There was this time I got a strange request from an inmate. He slipped me a piece of paper on my way out of prison. He insisted I read it when I got home. I was unsure of taking it as I had been told it was an offence to take stuff from prisoners. I tucked the note into my jeans pocket and proceeded to the exit. I forgot about the note and only remembered it later in the night when I emptied my pockets. On the scrappy piece of paper, he had scribbled hurriedly in black pen with a single line in Kiswahili which translated to “I need underwear.” I was shocked and a little confused at the request, so I called my then boyfriend, now husband and shared the incident. He quickly jumped at the challenge and offered to get a pack of underwear for the lad. The following day I returned to prison, with a pack of underwear in tow and handed them over to a male officer and explained the situation. It was a little embarrassing to discuss male underwear with him and opted not to be in the room when he handed them to the lad who was one of my students. A few days later, I mustered the courage to ask the lad why he requested me for underwear and whether this was an issue other guys faced. He told me that he and many others lacked essential items such as soap, toothbrushes, and especially underwear. Family members usually provided these items during visits. However, many inmates did not get any family visitors who were perhaps too ashamed of them. He said he had to muster the courage to ask me because it was too uncomfortable sitting in my class without underwear and in tattered clothes. My heart sank.
He said he had to muster the courage to ask me because it was too uncomfortable sitting in my class without underwear and in tattered clothes.
This incident sparked my first ever public campaign dubbed “I need underwear.” I made a poster of a man in underpants and put it up on Facebook, Twitter and sent out emails. I thought that at best, I would raise a few packs of underwear to give to some of the men in the prison I was working in then. Then the unexpected happened. A few days later I got a call from the most prominent radio show host in the country, Caroline Mutoko. She hosted a wildly popular morning show called ‘the big breakfast’. I thought it was a prank call at first but soon got over my doubts. Her message was simple ‘show up at my show tomorrow at 6 am’. Caroline is a force of nature. She has a beautiful voice that she uses effectively to entertain and discuss issues with fiery panache. She commanded attention and was not afraid to wade into controversial topics. This made her one of the most influential and trusted voices in the country. I had no idea how she had known of the campaign and did not bother to ask questions. When Caroline says ‘turn up at 6 am’ you do precisely that. This was my chance, and I went for it.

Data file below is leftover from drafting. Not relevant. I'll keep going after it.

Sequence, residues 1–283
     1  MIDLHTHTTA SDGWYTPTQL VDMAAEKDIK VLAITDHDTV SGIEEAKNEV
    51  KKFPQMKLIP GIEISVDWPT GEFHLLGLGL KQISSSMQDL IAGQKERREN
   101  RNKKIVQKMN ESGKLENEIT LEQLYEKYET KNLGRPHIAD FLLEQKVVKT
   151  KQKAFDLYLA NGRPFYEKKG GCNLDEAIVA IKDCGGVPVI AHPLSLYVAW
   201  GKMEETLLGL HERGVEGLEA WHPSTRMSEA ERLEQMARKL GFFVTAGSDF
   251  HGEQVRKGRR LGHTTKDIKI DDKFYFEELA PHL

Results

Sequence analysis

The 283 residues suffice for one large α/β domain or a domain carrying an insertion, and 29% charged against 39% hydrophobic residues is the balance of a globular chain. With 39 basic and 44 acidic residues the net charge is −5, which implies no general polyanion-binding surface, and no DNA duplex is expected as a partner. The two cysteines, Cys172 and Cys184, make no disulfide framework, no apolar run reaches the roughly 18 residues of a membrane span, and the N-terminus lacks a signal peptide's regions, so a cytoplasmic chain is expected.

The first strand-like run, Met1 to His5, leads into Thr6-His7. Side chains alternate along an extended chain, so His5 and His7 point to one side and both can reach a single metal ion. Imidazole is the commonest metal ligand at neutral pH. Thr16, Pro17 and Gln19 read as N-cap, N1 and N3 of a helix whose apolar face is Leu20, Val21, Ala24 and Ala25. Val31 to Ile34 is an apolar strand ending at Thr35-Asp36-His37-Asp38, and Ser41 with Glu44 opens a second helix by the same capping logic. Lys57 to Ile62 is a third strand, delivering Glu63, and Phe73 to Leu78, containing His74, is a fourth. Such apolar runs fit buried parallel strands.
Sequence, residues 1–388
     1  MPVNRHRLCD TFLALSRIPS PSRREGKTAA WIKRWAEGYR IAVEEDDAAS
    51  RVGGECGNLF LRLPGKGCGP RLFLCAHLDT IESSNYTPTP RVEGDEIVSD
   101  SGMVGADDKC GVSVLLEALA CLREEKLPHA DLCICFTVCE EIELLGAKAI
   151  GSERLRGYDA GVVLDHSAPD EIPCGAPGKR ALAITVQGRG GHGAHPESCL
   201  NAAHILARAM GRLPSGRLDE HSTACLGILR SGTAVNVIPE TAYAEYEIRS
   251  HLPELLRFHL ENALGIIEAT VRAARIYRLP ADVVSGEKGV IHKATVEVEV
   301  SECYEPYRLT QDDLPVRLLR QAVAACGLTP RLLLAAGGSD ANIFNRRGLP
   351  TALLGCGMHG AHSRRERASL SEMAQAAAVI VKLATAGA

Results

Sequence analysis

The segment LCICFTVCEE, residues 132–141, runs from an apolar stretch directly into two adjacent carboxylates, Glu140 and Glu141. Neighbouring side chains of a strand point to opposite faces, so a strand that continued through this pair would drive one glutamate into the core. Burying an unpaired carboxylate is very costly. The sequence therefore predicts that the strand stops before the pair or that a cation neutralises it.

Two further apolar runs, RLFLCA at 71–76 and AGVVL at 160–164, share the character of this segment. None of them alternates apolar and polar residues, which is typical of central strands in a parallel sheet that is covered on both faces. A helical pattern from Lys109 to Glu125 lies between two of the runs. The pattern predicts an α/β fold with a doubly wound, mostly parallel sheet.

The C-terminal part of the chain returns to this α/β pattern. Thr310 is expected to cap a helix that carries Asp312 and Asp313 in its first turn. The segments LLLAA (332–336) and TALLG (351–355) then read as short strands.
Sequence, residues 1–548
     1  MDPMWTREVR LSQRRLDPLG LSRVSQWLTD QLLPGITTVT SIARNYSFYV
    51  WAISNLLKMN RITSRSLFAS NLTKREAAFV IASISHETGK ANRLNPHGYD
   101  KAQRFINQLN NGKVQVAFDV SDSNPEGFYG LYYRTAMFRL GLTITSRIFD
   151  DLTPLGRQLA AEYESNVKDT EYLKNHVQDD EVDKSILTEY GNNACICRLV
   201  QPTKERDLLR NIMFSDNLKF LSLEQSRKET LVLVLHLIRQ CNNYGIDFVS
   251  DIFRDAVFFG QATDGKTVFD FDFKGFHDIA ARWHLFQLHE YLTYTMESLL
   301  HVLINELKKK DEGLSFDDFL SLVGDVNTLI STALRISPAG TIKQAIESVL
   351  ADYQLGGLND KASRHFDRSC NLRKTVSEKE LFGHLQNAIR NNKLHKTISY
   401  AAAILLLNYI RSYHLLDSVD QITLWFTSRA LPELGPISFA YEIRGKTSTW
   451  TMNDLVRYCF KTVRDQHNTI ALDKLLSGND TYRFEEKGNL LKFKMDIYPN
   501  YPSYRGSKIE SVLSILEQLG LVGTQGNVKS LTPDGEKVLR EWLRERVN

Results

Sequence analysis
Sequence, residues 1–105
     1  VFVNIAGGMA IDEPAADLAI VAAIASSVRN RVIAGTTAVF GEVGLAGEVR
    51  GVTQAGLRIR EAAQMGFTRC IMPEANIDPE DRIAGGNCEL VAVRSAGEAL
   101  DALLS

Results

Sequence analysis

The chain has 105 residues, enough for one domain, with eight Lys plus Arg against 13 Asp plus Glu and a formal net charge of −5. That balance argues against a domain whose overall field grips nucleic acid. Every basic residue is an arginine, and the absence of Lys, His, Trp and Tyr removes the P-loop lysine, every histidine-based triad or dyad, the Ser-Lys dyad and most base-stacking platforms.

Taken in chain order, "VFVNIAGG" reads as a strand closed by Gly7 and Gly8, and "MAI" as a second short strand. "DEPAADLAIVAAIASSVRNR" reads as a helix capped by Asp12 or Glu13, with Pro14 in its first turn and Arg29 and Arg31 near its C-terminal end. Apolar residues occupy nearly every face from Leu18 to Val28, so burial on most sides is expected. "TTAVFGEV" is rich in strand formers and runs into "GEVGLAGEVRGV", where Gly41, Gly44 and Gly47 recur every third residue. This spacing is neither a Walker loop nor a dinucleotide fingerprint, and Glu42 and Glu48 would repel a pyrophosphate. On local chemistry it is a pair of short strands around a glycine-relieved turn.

Frightened and unsure of what was ahead of me, I walked into the Kiss 100 radio studios the next morning. I thought it would be a chilled-out coffee and chat kind of meeting, but to my surprise, the place was buzzing with activity. I walked into Caroline’s studio, and she was owning the day like it was midday! She was glammed up in a beautiful blue dress with black stunning high heels. I was intimidated and worried she would find me boring. I was ushered into a seat as she chatted away with her co-host- she looked so relaxed and in control. Feeling small, I sank into my chair. I wished to disappear; “I am in the wrong place” I thought to myself “What was I thinking getting into underwear”? After reading the news highlights, Caroline turned off her Mic and turned to me. She went straight to the topic of the campaign and started asking me questions. I was taken aback at first as I had hoped to exchange pleasantries first. Wow! Talk about the fast-paced world! But the conversation soon mellowed, and we had a few laughs before she went back on air and activated her superpower. While on-air she introduced the issue and asked a couple of questions about me, the prisons, and the campaign. In what felt like under five minutes, Caroline had people pledging to give money and underwear. Soon my phone was buzzing with notifications of mobile money transfers. There was a lady who called in and offered to provide two sack-loads of new underwear. She owned an underwear shop downtown. I was stunned at what had just happened. I left the studio feeling like I was in a dream.